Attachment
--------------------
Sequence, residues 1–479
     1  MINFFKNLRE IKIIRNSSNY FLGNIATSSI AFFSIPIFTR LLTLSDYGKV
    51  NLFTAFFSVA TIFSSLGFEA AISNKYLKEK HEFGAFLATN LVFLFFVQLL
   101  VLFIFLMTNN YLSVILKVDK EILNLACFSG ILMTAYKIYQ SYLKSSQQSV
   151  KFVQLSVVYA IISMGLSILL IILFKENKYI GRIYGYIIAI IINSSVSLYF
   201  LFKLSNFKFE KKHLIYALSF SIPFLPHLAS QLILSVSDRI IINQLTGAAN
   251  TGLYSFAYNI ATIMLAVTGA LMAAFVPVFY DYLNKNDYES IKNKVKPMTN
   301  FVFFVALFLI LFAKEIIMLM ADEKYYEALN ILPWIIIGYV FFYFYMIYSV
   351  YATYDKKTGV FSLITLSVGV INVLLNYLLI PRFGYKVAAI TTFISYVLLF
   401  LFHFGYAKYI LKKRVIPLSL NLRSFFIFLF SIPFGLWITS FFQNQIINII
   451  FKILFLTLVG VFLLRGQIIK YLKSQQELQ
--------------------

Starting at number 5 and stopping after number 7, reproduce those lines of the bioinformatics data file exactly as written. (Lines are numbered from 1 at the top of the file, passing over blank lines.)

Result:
   151  KFVQLSVVYA IISMGLSILL IILFKENKYI GRIYGYIIAI IINSSVSLYF
   201  LFKLSNFKFE KKHLIYALSF SIPFLPHLAS QLILSVSDRI IINQLTGAAN
   251  TGLYSFAYNI ATIMLAVTGA LMAAFVPVFY DYLNKNDYES IKNKVKPMTN